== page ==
IRA Prohibited Transaction Rules in Further Detail
Premise of IRA Prohibited Transaction Rules
The Internal Revenue Code (IRC) doesn’t describe what a Self-Directed IRA can invest in. However, it describes what that IRA cannot invest in. Internal Revenue Code Sections 408 & 4975 prohibit Disqualified Persons from engaging in certain transactions. The purpose of these rules is quite simple: it encourages IRA holders to use IRAs for accumulation of retirement savings. Additionally, it prohibits individuals in control of IRAs from taking advantage of the tax benefits for their personal account.
The IRA prohibited transaction rules ensure that related parties handle their IRA in a way that benefits the retirement account. In other words, not specifically the IRA owner. As a result, the rules prohibit transactions between the IRA and people who are “disqualified persons”. The outline for these rules can be found in Internal Revenue Code Section 4975.
Who is a “Disqualified Person”?
The IRS restricts certain transactions between the IRA and a “disqualified person”. The rationale behind these rules was a congressional assumption that certain transactions between certain parties are inherently suspicious. As a result, these transactions should not be allowable.
The definition of a “disqualified person” has a variety of party scenarios. However, disqualified persons typically fall under the following categories:
- The IRA holder
- Ancestors or lineal descendants of the IRA holder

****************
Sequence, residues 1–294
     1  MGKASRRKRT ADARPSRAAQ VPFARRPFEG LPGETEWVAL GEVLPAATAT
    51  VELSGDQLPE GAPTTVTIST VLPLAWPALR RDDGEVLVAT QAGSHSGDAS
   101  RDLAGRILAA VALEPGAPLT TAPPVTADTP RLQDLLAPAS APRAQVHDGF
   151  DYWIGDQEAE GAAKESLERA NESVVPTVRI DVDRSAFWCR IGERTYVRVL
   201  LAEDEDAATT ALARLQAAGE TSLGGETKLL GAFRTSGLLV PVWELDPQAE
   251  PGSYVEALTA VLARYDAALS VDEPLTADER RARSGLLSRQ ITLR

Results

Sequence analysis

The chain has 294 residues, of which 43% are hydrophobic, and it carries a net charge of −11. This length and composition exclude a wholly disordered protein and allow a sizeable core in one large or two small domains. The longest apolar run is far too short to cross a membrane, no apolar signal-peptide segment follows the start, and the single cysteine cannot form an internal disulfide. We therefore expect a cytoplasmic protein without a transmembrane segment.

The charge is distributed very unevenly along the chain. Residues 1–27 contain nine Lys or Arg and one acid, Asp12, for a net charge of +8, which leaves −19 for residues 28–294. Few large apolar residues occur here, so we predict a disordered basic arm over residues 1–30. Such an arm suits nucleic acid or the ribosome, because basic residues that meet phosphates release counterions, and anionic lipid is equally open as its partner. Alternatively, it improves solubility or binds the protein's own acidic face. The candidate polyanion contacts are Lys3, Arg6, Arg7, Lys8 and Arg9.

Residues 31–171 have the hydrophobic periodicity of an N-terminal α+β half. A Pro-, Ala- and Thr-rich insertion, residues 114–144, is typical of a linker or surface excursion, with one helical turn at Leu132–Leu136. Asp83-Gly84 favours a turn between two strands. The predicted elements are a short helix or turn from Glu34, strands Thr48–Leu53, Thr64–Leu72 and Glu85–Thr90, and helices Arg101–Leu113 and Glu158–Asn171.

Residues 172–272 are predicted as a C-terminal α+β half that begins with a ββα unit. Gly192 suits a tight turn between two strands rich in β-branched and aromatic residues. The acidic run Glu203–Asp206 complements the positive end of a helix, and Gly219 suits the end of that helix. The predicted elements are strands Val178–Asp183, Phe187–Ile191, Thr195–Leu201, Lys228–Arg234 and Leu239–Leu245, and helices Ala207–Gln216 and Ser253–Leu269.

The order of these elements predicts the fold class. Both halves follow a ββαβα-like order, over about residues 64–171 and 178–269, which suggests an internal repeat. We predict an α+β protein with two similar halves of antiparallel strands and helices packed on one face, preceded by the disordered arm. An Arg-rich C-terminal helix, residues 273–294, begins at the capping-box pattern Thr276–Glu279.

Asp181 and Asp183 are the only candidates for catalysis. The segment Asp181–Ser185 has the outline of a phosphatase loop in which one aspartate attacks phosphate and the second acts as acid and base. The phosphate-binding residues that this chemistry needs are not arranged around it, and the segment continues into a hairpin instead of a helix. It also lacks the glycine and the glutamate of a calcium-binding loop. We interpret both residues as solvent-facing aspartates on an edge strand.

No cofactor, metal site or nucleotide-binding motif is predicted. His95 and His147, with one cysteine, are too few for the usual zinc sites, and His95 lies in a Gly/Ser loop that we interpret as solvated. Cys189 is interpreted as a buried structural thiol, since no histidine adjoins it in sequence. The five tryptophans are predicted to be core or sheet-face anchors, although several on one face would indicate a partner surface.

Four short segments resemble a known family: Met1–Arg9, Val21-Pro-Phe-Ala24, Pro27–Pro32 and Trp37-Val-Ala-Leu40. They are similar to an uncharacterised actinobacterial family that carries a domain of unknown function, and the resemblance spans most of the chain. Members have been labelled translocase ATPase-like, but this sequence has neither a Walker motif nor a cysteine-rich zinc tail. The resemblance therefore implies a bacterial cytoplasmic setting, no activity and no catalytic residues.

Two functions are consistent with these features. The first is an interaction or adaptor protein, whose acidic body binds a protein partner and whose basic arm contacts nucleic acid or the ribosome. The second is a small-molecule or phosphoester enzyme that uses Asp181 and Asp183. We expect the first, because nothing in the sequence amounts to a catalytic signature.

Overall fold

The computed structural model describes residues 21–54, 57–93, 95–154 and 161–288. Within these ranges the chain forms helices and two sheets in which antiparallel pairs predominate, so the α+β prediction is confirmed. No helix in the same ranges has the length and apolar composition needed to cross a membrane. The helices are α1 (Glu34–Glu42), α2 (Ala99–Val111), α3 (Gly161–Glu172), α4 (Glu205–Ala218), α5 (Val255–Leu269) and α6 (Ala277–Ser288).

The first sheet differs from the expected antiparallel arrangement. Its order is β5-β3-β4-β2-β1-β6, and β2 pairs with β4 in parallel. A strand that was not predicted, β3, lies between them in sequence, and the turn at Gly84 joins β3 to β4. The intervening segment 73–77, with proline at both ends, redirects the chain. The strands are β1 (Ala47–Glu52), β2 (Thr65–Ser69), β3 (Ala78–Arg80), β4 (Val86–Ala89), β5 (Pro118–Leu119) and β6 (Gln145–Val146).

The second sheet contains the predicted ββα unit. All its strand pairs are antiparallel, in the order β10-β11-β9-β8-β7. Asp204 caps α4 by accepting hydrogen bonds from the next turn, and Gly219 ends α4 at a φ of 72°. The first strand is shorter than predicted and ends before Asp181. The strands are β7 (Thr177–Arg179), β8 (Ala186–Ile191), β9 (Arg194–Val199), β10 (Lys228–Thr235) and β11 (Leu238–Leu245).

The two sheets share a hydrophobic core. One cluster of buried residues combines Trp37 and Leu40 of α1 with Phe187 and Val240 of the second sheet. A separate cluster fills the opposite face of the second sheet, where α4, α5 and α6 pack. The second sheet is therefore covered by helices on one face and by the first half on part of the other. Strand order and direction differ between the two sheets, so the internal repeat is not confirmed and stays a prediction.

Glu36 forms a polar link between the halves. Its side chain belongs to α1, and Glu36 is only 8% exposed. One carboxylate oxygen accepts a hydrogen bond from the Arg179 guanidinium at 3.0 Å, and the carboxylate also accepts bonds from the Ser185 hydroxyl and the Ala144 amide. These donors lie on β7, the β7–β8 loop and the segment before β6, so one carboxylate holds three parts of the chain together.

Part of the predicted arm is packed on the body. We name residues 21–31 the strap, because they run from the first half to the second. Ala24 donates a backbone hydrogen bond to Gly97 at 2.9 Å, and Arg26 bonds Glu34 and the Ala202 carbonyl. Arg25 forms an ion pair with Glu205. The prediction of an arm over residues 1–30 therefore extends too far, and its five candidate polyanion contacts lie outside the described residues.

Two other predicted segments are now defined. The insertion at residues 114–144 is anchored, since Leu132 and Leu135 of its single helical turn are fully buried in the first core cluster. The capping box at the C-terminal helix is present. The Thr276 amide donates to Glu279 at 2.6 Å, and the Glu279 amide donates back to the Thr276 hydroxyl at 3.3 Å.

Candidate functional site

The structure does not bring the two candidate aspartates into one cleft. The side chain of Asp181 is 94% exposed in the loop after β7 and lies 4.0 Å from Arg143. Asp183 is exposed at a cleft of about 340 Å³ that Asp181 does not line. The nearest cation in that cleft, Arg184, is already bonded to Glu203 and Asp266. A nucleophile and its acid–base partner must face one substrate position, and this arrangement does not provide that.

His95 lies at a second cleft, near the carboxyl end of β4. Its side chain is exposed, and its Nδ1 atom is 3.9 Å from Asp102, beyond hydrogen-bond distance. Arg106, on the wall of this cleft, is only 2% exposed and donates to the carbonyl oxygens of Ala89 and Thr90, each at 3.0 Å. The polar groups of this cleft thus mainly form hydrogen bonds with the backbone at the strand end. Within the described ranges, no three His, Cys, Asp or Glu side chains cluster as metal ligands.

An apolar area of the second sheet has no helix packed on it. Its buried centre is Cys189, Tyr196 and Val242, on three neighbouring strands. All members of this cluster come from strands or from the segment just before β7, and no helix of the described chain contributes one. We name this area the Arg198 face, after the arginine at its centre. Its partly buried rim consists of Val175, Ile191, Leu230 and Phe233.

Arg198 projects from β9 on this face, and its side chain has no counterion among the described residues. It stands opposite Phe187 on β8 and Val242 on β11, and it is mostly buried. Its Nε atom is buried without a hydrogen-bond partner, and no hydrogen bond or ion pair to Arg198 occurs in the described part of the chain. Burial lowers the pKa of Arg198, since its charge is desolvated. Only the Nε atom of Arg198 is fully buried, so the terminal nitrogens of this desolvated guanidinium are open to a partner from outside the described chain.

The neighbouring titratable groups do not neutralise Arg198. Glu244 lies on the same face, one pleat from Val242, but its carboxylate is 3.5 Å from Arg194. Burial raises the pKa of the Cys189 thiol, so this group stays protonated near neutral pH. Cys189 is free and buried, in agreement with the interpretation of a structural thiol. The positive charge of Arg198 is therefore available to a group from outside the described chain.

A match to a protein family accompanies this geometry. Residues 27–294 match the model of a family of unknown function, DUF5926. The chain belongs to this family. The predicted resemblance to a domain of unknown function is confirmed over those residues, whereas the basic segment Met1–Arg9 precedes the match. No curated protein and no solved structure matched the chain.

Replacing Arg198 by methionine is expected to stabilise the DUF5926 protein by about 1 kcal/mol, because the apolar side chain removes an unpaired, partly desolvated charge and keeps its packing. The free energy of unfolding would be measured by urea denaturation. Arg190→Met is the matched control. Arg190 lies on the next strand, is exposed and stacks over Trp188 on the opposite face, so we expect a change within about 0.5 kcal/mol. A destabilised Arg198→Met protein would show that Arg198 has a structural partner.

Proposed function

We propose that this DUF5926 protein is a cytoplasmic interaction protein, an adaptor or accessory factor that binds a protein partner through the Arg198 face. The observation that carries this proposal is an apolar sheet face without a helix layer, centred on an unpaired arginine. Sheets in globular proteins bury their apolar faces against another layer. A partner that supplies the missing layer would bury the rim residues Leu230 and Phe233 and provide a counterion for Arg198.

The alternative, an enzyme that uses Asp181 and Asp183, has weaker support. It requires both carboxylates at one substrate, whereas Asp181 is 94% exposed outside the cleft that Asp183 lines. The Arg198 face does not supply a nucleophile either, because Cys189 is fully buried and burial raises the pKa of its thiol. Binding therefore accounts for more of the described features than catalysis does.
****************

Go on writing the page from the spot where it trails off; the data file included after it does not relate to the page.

- Entities in which the IRA holder holds a controlling equity or management interest
To be more elaborate in the definition of a “disqualified person,” below is a list under Code Section 4975.
- Fiduciary (IRA holder, participant, or person with authority over IRA investments).
- A person providing services to the plan (Trustee or custodian).
- An employer, any of whose employees the plan covers (generally not applicable to IRAs).
- An employee organization any of whose members the plan covers (generally not applicable to IRAs).
- A 50 percent owner of 3 or 4 above.
- Family member of 1, 2, 3, or 4 above. Family members include:
- Fiduciary’s spouse
- Spouses of the fiduciary’s children and grandchildren (not parents-in-law).
- An entity (corporation, partnership, Trust or estate) that is owned or controlled more than 50 percent by 1, 2, 3, 4, or 5. The indirect stockholdings/interest is taken into account to determine if an entity is a disqualified person.
- A 10 percent owner, officer, director, or highly compensated employee of 3, 4, 5, or 7.